Aug 29, 2008 Uncategorized
Back to Dalarna!
Anyone who lives far away in urban climes of his rural family of origin, will know the mixed feelings when he makes after many years on the road to see his relatives during a tenth anniversary of the father. Such a return of between familiarity and strangeness, emotion and horror and tragedy and comedy staged by the Swedish director Maria Blom in Back to Dalarna! with the wish: “My dream is that people almost as soon as they leave the cinema, to call their loved ones and tell them: I like you !”
bn (Sofia Helin) is mid-thirties and lives in Stockholm in the life of a stand-alone career woman. Their home, a village in the rural province of Dalarna, she has left a deep breath before 15 years behind him, but now they can not avoid the 70th Birthday of her father to return. Hardly had he arrived to see Mia in the same family structures involved, which they once left behind, and instead of welcoming her sister’s birthday party planning Eivor (Kajsa Ernst a big party) in the parish hall of the village, which vorauswirft his restless shadows already.
( #) As the youngest of three eccentric sisters and also the only one who left the village, Mia has a special role within the family, especially since she is the favorite daughter said her father. Immediately upon her arrival her parents surprise her with the intention to give her a piece of land on the lake, in the hope that her little one will have more frequent visits, which can quickly break out old rivalries and feuds among the sisters. Especially Eivor, the eldest, who finds himself cheated in view of its successful sister to the recognition of their concept of life as a housewife and mother, is trying to seize as tyrannical organizer of the party control of the family and especially her sisters themselves. Gunilla (Ann Petrén), the middle sister, however, who has just celebrated her divorce with a holiday in Bali, is totally immersed in their enthusiasms of a younger lover with whom she also stretched the nerves of the strong women in the context of the family.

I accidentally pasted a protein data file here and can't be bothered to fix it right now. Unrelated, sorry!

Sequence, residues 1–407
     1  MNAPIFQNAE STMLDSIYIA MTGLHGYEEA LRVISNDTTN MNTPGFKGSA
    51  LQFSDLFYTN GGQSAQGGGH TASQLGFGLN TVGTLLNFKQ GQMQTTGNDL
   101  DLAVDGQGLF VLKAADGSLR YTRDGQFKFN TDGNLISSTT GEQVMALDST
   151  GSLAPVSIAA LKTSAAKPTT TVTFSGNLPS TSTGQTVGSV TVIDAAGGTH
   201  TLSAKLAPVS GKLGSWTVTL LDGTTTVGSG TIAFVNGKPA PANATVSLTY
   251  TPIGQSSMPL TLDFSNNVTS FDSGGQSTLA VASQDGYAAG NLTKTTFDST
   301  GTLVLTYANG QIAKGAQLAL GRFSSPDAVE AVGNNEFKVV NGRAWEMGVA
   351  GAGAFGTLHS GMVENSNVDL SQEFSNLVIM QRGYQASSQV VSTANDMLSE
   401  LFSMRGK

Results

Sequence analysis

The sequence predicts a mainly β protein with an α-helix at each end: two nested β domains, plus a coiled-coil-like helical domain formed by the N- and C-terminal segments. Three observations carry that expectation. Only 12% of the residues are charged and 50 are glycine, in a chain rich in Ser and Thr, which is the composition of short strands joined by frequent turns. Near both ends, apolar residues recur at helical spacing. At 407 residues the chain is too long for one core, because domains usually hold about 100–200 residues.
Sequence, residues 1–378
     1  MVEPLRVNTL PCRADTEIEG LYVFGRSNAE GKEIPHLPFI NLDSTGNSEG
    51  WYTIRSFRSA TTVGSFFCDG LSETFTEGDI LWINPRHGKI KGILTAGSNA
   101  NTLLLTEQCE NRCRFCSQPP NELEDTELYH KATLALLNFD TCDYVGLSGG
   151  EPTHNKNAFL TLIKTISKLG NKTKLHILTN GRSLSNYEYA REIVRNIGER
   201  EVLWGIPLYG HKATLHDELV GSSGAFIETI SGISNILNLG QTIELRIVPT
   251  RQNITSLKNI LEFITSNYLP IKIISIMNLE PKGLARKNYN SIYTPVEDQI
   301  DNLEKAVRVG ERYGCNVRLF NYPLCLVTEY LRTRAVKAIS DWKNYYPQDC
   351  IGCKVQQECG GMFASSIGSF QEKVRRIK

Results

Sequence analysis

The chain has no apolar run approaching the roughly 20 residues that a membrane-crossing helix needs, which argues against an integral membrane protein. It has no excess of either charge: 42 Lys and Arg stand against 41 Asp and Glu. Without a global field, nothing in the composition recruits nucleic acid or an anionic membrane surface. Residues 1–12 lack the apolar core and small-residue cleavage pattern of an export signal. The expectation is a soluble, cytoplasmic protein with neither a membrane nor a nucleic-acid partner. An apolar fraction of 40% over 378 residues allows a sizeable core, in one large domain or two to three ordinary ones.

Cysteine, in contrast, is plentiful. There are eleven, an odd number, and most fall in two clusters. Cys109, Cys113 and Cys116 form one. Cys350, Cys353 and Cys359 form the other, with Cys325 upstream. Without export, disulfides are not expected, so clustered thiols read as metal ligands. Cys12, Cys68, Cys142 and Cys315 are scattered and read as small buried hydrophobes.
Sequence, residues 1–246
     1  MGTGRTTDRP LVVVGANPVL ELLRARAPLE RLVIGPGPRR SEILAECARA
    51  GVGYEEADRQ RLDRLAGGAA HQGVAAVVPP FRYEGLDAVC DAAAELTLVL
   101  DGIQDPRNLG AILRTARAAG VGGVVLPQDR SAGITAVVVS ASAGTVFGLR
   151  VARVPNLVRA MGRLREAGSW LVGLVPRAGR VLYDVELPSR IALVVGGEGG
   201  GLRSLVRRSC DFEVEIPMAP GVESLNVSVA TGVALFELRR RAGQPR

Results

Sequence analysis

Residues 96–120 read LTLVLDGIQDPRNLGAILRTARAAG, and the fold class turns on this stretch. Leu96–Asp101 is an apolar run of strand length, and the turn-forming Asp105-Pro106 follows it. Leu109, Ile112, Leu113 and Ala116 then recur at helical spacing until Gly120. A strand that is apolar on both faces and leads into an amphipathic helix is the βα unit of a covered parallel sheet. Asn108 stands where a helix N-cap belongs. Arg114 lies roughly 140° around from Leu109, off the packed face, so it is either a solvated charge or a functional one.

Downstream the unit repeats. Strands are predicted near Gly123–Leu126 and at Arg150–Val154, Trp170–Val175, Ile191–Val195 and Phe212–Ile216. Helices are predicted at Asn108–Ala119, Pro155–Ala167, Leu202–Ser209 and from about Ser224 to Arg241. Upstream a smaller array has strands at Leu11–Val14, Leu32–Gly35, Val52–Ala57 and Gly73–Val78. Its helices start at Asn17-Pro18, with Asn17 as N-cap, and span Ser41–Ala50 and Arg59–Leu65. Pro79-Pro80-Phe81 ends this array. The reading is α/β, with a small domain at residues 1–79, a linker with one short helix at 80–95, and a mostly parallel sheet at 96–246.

Mia’s intent, the place and people to meet their origins and childhood, with detached arrogance, dwindling rapidly, given the force of the encounters and emotions then. Like her sisters, she forfeited the same mechanisms by which they believed had long since released, and you will realize that her exactly what she had cursed at Dalarna always, as the crude, often offensive humor of the people who nevertheless had been missing. As she weeps at her maternal friend Barbro (Barbro Enberg), it becomes clear that her life in Stockholm is not as happy as it seems.
At the feast with abundant liquor finally tamed the hard feelings explode, especially the three sisters, and it escalated to a stage of settlement before formally clad audience to bring to light all the inhibitions, which in its interior simmered for years fiercely to herself. At the same time shows the importance of family relationships as before, and that the arguments are ultimately motivated by a desire to be recognized as the person who has it what it is.
Also inevitably arises at the thought of The Celebration by Thomas Vinterberg, then back to Dalarna! but a completely different nature, the film director Maria Blom, also wrote the screenplay, puts the accent despite some acrimony tragedy in a humorous and touching forgiveness, always oriented to the idea of the inestimable value of the family, so hurtful and nerve-wracking at times, this also may be. They also portrayed affectionately mocking the rural society of the province of Dalarna, from which she herself is and in which it has withdrawn them after many years in Stockholm again, so that its protagonist Mia certainly has parallels to their own emotions. Maria Blom who originally wanted to be hairdresser, has more visits from the embarrassment of failure in the entrance examination out of acting classes, and later celebrated with self-written pieces on the Stockholm backstage theater considerable success. After a television production is back to Dalarna! Her first feature film for which she received in 2005 the film award for best screenplay and best film in Sweden.
Few people are the subjects of the precipices and turbulent staged flights of family life seem strange that in Back to Dalarna! be represented by a great ensemble, and this reason alone they will surely touch the audience. Whether, however, will fulfill the dream of the director and the film will spark a wave of familiar expressions of sympathy in this country remains to be seen. A remarkable, witty spectacle with tragic elements, he is all.
Title: Back to Dalarna Original Title: Masjävlar Country of production: Sweden Year of production: 2004 Length: 98 (Min) of material: Kool Film DistributionRelated posts